Drunk Drivers

In spite of the fact that they are aware that their level of intoxication may prevent them from arriving home in a safe manner, drunk drivers frequently try to get away with driving only a short distance that is familiar to them. Even though they are aware that they have had too much to drink, they frequently have the impression that they are familiar with the area’s roads and that they can navigate through it without incident. On the other hand, an accident can take place in a matter of seconds, and intoxicated drivers may have a more difficult time avoiding the potential dangers that can appear on residential roads.

Inadequate Attention

When a driver is close to their residence, it is possible that they will not become distracted while driving, but it is also possible that they will fail to pay attention to everything that is going on around them. When they are familiar with the roads and do not need to concentrate on their path, drivers frequently demonstrate a much-reduced likelihood of paying full attention while driving. When they are in autopilot mode, there is a greater chance that they will not notice the presence of large vehicles, pedestrians, or children who do not belong in the neighborhood. This significantly increases the likelihood that they will cause a severe accident.

Letting Their Guard Down

In general, as one gets closer to their home, people tend to relax their guard a little bit more. When driving on busy roads, whether they are in the middle of a city or on major highways, the majority of motorists are on heightened alert. They may not be at ease in their environment, and as a result, they may proceed with extreme caution in an effort to cut down on the possibility of being involved in an accident.

However, many drivers’ attention wanes as they draw nearer to their destinations, particularly their homes. They might become less tense and experience an increase in ease. Not only does this have the potential to convince many drivers to engage in risky behaviors, but it also has the potential to mean that these drivers have not remained in the state of heightened alertness that is required to avoid an accident as they get closer to their homes.

Read More: Where do most car accidents happen?

Avoiding Accidents Close to Home: What Drivers Can Do?

Dealing with an accident close to home can prove particularly frustrating and demoralizing. You want to feel your neighborhood offers respite and safety, not danger. Unfortunately, accidents can occur close to home all too easily. What must drivers do to reduce those risks?

1. Complete any necessary tasks before starting your vehicle.

Especially if you find that you are running short on time, it is easy to fall prey to the temptation of finishing up a variety of tasks at the same time that you start driving.

But before you pull out of your driveway, make sure you’ve taken care of any necessary tasks, such as the following:

  • Completing one’s makeup or grooming routines
  • Adjusting the GPS settings
  • Begin playing your tunes or adjust the settings on your radio.
  • Controlling the settings for the temperature
  • puts an end to any ongoing phone conversations or other forms of communication

If you want to reduce the likelihood of getting into an accident while driving, you need to keep your attention on the road. If you take care of the necessary tasks before getting in the car, it will be easier for you to keep your attention on the road.

2. Take the same safety precautions for short trips you would take for longer ones.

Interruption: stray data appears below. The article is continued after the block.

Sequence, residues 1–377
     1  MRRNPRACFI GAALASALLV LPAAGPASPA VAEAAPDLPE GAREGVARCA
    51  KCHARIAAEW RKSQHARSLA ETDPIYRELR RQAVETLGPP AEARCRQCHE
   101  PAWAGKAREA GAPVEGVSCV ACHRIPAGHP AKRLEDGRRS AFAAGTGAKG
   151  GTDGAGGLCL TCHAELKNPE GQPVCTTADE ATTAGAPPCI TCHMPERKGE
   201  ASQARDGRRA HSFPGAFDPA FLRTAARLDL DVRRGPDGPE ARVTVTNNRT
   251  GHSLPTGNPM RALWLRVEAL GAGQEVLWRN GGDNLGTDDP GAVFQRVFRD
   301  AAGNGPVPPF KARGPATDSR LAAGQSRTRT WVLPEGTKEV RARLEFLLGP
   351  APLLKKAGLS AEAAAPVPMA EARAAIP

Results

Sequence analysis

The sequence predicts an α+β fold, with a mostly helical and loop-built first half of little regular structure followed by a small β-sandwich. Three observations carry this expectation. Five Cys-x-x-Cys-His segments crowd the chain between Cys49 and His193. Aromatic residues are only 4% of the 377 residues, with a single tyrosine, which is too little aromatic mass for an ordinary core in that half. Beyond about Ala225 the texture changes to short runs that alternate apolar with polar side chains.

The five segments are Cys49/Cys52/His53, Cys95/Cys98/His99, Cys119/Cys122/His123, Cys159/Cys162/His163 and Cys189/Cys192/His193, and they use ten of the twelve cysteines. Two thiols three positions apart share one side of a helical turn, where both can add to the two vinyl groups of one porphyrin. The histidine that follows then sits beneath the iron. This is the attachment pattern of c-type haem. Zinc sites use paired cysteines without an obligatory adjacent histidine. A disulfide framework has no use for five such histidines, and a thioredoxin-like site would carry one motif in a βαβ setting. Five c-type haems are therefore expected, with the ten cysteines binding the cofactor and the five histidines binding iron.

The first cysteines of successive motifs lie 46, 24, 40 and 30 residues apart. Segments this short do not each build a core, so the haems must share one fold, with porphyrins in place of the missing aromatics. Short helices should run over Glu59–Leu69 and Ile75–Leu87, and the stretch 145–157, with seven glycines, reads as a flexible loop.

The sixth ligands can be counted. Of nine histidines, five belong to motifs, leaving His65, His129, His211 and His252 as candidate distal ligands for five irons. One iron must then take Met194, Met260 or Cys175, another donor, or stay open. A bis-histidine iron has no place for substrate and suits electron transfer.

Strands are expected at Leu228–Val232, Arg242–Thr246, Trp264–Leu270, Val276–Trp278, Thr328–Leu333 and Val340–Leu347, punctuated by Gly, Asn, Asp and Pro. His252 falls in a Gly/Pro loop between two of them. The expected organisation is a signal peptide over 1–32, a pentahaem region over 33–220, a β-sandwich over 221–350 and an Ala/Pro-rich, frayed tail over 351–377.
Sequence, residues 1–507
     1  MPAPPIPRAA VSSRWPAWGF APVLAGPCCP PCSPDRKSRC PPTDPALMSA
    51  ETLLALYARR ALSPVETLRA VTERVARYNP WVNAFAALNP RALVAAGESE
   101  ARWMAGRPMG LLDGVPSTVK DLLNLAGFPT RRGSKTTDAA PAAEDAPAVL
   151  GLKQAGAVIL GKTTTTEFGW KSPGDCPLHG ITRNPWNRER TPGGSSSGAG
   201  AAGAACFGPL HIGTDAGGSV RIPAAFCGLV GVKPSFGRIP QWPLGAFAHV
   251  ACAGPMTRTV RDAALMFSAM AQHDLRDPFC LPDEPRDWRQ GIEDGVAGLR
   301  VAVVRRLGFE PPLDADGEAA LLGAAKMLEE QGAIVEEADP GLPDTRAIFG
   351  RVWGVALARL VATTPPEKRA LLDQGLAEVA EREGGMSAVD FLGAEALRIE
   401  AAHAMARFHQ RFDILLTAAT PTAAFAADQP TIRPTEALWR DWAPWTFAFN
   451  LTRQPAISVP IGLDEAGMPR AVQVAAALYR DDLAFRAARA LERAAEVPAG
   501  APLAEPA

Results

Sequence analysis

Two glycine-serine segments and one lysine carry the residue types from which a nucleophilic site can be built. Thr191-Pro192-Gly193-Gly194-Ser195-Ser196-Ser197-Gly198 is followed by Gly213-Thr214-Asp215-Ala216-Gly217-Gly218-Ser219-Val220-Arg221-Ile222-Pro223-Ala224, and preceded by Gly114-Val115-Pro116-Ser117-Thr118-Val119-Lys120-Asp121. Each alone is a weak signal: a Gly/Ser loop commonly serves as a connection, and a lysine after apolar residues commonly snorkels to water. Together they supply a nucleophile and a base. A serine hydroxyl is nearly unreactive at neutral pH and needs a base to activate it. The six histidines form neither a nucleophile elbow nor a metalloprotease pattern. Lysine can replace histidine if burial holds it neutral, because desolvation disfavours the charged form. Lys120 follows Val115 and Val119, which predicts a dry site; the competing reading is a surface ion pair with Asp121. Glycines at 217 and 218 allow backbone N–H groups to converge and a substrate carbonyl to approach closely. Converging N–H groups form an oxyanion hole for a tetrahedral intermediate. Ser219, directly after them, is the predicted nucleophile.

You wouldn’t drive for a long distance on a busy road without first fastening your seatbelt, properly securing your children, and then securing all of the cargo and items that are in your vehicle. Be sure to take those same precautions before getting behind the wheel of a vehicle for even shorter trips that will keep you in the neighborhood of your home. Hold on tight.

You should perform a thorough inspection of your vehicle to ensure that it does not have any mechanical issues that could become a distraction or cause an unsafe situation while you are driving. Any preventative measures you can take before pulling out of your driveway can assist in lowering the probability of being involved in a collision that could result in serious injury.

In addition, you should never travel even a short distance in a vehicle that is damaged. When they know they can get around within a residential area without having to go outside, some people are willing to take more risks. For instance, you could rationalize driving a vehicle with faulty brakes by saying that you only need to go “down the street.” Sadly, an accident can happen even within those few minutes on the road, and you may end up being liable for any damages that occur as a result of it.

3. Keep your attention on the road, even when close to home.

Get into the habit of looking around your neighborhood for particular landmarks or anything else that stands out as being particularly interesting. Pay extra attention during the times of the day when you are aware that there is a greater possibility that the road will be filled with children and pedestrians. Keeping your focus on the most important aspects of the situation can help reduce the likelihood that you will accidentally cause an accident when you are in close proximity to your home.

4. Share the road safely with cyclists, pedestrians, and service vehicles in your neighborhood.

Residential neighborhoods may experience significantly more traffic than was anticipated, including garbage trucks and delivery vehicles. If the mail truck has to stop for each mailbox, or if a pedestrian takes up more space in the road than you can reasonably get around, you may find that you get frustrated quite frequently.

However, in order to reduce the likelihood of being involved in a collision, you should always make sure to safely share the road in your neighborhood. Do not make any attempt to get through illegally. In the event that you are required to pass, you must ensure that the driver or pedestrian you are passing is aware that you intend to go around them. Take extra precautions around young children and animals, as they may not understand what you mean.

Read More: When Should You Contact a Lawyer in Arizona After a Car Accident?